Over the years, since starting our investor club in 2007, we have closed a lot of deals, but we have also seen many deals go sideways and get derailed. Here are examples of how not to get deals funded:
- Claiming, after an injection of capital, that a business that has done $1 million to $2 million of revenue per year for years running is going to jump to revenue of $15 million, $25 million or $50 million in the next one or two years.
- Asking for $12 million with no pitch deck, no one-pager, no investment memo and no video summary. They only had a 140-page subscription document. I said, “I can’t review 120 pages to get what you are doing, so if you want to write it via email, great. Or, if you have a one pager, I would be happy to review it.” We never heard back.
- Telling a potential investor that you cannot possibly explain the investment in writing over email, they just had to pitch it verbally over the phone for it to make sense. For me, that’s an instant pass. If you can’t summarize your idea in a compelling way in one or two sentences, you do not have something I should spend time on, and I know many savvy investors think the same way.
- Telling everyone that the deal you have is the best deal you have ever seen. I’ve heard this too many times to count.
- Giving bad advice while negotiating. The CEO of one business said I should not be honest with our team on an issue we were discussing — to flat-out lie to them. Due to this and his lack of willingness to show financials, we will not do business with them going forward.
- Guaranteeing anything, or saying the word “guarantee,” or promising 2x returns in a matter of months, or 5x or 10x returns in one or two years. Yes, I know VC investments exist, and I know in some niches great returns are possible, but when you overpromise to investors you leave no room for mistakes, learning curves or drastic market adjustments. It shows investors you care more about hard closing them rather than being a good steward of their wealth.
- After negotiating many of the terms, a $70 million AUM group turned their back on a publicly traded entity with a $2.5 billion balance sheet. Their offer of providing them with $250 million of equity to buy $1 billion of assets wasn’t on the same terms as the $250,000 and $500,000 check they had been raising capital at. When asked if they had seen any other institutional term sheets to even compare the offer to, their answer was “no.”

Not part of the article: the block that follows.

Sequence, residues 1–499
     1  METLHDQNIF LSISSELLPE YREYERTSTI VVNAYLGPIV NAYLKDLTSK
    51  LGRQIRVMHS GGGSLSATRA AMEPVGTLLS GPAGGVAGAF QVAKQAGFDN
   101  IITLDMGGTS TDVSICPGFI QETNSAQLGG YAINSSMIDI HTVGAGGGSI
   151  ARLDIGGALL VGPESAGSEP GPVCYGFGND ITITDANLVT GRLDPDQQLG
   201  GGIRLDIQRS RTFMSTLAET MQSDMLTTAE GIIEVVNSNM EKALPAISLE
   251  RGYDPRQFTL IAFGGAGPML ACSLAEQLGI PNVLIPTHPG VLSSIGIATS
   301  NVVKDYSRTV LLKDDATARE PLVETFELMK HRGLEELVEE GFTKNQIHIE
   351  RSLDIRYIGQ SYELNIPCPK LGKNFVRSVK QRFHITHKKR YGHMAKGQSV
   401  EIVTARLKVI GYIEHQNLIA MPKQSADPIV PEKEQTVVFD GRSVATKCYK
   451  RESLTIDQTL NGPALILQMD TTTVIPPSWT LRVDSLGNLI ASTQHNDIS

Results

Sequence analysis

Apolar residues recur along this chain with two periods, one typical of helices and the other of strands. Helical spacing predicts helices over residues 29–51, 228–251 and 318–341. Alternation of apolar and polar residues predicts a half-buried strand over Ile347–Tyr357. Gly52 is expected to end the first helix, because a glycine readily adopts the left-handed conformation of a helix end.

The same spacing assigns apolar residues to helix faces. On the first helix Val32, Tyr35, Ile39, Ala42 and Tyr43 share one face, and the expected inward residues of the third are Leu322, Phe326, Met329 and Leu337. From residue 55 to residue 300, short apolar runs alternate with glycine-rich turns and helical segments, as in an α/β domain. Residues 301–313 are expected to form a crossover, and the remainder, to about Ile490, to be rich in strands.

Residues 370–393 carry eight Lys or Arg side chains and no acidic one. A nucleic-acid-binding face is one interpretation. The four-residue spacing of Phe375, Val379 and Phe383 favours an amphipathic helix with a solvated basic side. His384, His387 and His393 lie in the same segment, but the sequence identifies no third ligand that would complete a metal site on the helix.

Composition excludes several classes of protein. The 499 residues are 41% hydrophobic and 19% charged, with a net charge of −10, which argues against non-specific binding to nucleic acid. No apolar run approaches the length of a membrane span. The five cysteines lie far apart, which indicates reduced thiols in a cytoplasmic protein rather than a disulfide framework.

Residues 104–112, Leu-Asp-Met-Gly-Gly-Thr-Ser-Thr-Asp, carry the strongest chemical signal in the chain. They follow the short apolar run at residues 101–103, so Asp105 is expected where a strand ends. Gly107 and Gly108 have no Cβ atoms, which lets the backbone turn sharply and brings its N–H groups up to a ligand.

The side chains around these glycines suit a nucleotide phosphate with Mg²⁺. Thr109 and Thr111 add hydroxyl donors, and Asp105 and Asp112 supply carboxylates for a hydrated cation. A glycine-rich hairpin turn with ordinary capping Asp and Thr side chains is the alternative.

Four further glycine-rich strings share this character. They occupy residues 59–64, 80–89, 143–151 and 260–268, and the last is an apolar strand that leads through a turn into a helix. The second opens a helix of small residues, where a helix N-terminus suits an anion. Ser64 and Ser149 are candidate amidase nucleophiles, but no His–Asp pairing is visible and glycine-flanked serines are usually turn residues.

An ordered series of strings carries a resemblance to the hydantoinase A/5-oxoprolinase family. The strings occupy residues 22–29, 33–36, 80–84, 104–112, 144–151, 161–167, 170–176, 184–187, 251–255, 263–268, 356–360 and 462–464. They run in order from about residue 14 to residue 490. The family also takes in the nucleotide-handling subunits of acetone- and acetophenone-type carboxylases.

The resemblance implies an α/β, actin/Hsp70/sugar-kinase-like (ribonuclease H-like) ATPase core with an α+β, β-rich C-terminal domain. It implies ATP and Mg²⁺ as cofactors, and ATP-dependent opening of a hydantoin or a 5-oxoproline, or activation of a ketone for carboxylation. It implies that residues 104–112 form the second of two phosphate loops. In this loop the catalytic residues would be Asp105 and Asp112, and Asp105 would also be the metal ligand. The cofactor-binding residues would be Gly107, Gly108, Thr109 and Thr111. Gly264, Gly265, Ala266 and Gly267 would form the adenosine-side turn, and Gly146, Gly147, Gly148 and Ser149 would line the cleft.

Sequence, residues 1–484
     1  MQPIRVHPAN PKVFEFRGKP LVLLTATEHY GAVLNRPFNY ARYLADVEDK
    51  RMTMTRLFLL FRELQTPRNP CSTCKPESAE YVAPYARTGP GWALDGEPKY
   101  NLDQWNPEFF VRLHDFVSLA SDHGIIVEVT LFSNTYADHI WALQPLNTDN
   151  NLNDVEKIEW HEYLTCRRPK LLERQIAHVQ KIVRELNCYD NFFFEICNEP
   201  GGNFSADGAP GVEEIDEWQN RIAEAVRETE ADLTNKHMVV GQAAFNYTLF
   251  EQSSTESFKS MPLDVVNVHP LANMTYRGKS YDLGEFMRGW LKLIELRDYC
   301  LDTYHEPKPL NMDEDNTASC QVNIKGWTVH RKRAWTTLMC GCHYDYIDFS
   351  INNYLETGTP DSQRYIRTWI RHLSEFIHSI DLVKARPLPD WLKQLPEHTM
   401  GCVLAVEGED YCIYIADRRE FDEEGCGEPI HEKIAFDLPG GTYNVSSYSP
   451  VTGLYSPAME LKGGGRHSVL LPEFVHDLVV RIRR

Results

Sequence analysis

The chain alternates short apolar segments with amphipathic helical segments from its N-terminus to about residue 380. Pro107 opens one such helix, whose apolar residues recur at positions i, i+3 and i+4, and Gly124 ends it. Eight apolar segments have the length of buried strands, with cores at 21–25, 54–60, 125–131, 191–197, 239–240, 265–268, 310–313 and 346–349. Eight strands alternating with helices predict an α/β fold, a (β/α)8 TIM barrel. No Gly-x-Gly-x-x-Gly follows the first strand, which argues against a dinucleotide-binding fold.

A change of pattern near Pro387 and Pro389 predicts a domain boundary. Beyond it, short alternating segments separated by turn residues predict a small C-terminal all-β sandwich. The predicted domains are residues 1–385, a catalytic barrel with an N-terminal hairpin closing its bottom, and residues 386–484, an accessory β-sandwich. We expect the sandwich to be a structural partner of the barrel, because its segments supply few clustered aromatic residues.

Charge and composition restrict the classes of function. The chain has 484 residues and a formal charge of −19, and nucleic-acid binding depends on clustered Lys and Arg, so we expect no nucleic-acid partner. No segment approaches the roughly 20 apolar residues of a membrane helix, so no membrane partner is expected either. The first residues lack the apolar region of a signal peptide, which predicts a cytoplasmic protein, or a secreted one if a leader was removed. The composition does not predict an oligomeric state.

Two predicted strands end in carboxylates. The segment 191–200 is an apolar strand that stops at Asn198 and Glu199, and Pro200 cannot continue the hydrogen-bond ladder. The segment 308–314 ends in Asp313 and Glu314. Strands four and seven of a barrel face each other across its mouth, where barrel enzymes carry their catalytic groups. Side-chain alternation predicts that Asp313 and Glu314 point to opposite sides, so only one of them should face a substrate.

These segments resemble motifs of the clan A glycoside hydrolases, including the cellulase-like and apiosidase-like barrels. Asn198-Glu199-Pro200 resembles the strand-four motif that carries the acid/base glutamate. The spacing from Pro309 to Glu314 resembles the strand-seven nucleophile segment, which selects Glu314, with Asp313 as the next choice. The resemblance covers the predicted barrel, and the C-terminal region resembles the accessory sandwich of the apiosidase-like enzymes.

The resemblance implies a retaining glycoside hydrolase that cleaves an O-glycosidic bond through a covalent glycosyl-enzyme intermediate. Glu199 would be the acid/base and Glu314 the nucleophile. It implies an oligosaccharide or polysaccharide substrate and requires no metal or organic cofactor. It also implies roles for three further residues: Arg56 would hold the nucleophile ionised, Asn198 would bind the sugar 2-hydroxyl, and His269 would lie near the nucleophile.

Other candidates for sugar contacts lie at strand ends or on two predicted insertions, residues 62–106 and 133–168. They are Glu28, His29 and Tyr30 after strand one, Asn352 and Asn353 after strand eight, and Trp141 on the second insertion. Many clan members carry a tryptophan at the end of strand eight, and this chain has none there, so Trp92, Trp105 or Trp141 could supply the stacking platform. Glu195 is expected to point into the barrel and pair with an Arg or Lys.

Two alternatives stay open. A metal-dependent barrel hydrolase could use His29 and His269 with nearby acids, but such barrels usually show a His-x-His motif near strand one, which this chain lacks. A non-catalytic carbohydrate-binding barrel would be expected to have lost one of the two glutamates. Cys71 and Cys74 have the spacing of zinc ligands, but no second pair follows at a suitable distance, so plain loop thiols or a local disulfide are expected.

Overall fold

- A fully funded $5 million real estate joint venture deal got canceled while creating the LLC operating entities and papering the JV. This was due to one inaccurate off-handed comment the CFO made about how the partner was not important to them long term. Immediately, the deal was killed.
- One person looking for capital started smoking during a call. Another, in recent memory, was chewing loudly into the microphone while asking about deal terms, and another talking to our team member decided it was a good time to vape. I understand smoking cigars is a thing many enjoy, and everyone has their own vices, but during a pitch, negotiation, due diligence, or when asking for capital is not the time to knock back a shot or light up.
- One group claimed to have a $10 billion valuation, but could not explain how their tech worked or how they were worth $10 billion besides convincing the last round of investors that they were.
- One JV partner, who was being offered $100 million from a billionaire client of mine, would not move forward with the deal because they were worried about sharing the economics of a pie 10 times larger than they currently had. They overlooked the fact that 50 percent of a 10-times larger pie means you have more to eat, but also that they would have been taken to the major leagues, and they could have continued to grow their core business and related businesses around it.
- One startup with $400,000 in revenue told me that a blue chip publicly traded company in their niche was publicly traded at 40 times revenue as their valuation, so they in turn were worth $16 million. First, they are not publicly traded; second, they are unknown; and third, they are not profitable or the holder of any valuable intellectual property or market share, etc.
- Pitching a deal that looks no different than thousands of other deals.
- One company with no revenue told me they were worth $12 million because they were going to do great revenue in three years. I pointed out a competitor who has great revenue right now, $2 million in EBITDA, and could be purchased for $10 million. Sometimes these types of deals still get done, but not with savvy, sophisticated investors, unless there is something real behind that valuation.
- Countless times deals fall through because of bad communication practices, mainly lack of response to emails. One recent deal for over $200 million with an investment fund was canceled because every email took three to eight weeks to get a response. When they asked for feedback on why the deal didn’t work out, we had to politely tell them, “Because the other side lost faith that you had any interest in working with them.”
Many of the best deals we have ever gotten done were ones that started off with a “no” or someone ignoring us or telling us to literally go away and stop trying to complete the deal. None of the above “strategies” ever made the grade.
Richard Wilson is founder and CEO of Family Office Club.